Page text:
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How to Become a Substitute Teacher in Cobb County, GA

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The Cobb County School District is the second largest school system in Georgia with a student enrollment of over 111,000. The district has 114 facilities, including elementary, middle and high schools; charter schools; special education centers; an adult education center; and a performance learning center. It employs over 5,380 classroom teachers and 1,300 special education teachers. The district maintains a roster of qualified substitutes to take over for teachers when they are absent due to illness, jury duty or another reason.

Substitute Teachers' Duties

The districts employs two types of substitute teachers for their K-12 schools and adult education program, which provides adult basic education, GED and ESL instruction to adult learners. Daily substitutes fill in for teachers who are absent for one or a few days. These subs may be assigned to the same classroom for up to 10 days. Supply teachers are long-term substitutes for teachers who are absent between 11 and 60 days.

All substitutes follow school procedures and apply appropriate behavior management strategies to handle their classrooms. Daily substitutes teach lesson plans prepared by the absent teachers, while supply teachers are responsible for instruction as well as handling required records.

Cobb County Substitute Teacher Pay

According to the jobs website, the average yearly salary for all Cobb County substitutes is $23,951 per year. Cobb County substitute teacher pay is 9 percent below the national average. Cobb County salaries depend on the number of days worked and status as a daily or supply substitute.

Qualifications for Daily Substitute Teachers

To work as a daily substitute, you need at least a high school diploma or GED. However, the school district prefers to employ substitutes with bachelor's degrees. You do not need a teaching credential nor teaching experience to substitute at the K-12 levels. To be a substitute in adult education classes, you need two years of teaching experience. Having bilingual skills is desirable for adult education substitutes. All substitute teachers need written and oral communication skills, along with student management skills.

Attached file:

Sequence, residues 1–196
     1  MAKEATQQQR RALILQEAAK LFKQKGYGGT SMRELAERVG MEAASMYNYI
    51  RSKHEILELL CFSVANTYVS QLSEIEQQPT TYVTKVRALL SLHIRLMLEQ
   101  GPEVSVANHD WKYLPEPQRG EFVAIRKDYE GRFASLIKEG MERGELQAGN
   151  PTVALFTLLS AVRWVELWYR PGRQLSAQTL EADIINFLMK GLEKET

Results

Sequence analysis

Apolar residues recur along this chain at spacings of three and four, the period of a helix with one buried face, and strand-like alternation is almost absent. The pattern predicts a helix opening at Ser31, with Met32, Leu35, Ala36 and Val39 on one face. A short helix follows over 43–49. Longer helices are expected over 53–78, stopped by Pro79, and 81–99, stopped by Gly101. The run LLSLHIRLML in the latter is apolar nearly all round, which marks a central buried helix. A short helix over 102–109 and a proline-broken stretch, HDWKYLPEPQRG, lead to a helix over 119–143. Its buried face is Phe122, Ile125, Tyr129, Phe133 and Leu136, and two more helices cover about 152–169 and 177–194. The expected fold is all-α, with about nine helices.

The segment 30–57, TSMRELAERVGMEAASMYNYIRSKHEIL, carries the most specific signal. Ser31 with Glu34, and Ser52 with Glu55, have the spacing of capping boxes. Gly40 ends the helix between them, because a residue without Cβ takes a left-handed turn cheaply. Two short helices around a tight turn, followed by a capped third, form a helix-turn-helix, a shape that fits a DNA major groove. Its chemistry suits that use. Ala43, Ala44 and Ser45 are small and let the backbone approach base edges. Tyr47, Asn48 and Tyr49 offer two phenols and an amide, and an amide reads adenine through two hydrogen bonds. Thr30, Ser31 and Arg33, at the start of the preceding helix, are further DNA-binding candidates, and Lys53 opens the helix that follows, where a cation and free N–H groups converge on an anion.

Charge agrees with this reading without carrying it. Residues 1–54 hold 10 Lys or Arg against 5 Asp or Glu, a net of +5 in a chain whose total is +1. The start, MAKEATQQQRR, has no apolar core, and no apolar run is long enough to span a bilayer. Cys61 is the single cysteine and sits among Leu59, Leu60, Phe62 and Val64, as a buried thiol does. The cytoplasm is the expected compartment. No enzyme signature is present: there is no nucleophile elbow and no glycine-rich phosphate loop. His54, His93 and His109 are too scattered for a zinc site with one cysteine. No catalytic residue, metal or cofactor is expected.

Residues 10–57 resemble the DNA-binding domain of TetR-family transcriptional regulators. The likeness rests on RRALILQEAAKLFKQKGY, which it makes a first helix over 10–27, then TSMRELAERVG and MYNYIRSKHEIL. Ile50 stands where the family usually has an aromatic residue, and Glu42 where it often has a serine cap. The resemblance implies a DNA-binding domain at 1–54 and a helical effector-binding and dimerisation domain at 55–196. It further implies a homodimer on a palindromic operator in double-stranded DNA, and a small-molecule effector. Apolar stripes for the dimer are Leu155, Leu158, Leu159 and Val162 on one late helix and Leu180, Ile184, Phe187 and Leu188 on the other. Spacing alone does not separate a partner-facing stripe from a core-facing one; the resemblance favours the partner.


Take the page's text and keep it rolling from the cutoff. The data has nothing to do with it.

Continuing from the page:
Qualifications for Supply Teachers

Except for the education requirement, the qualifications for supply teachers is the same as for daily substitutes. You must have a bachelor's degree to be a supply teacher. The district prefers your major be related to the subject matter in which you would be teaching. For example, to be a long-term substitute as a high school math teacher, you should have a degree in mathematics.

Online Application

Prospective employees apply online for Cobb County schools jobs online. When you apply, you must provide an email address, username and password. If you do not have an email address, sign up for a free email account at Gmail, Hotmail or another service.

Be ready to give information about the following items:

  • Schools you attended
  • Current and previous employers
  • Military service
  • Teaching certificate or license
  • Convictions or violations, including any offense for which you paid a fine of $200 or more

You also need to provide names and email addresses for three professional references. One reference must be your most recent supervisor.

Ready for Substitute Work

When you are approved for work, you must attend orientation training if you are not a certified teacher. Otherwise, you complete employment paperwork, such as payroll forms and the selection of schools where you prefer to work.

As substitute positions come available, the district selects and notifies the most qualified persons to fill the positions. You can also look up substitute opportunities at the district's job postings Web page and apply for the positions online.

To maintain your status as a substitute teacher, you must work at least one full day during each school month.

Geographic State and Metropolitan Salary Map for Substitute Teachers


Susan Echaore-McDavid is a freelance writer. She has authored career books in law enforcement, law, aviation, science, forensics, transportation, engineering, and education, among other areas. She has also written and edited educational materials for adult and adolescent audiences with reading, learning and language needs. She currently maintains two personal blogs.

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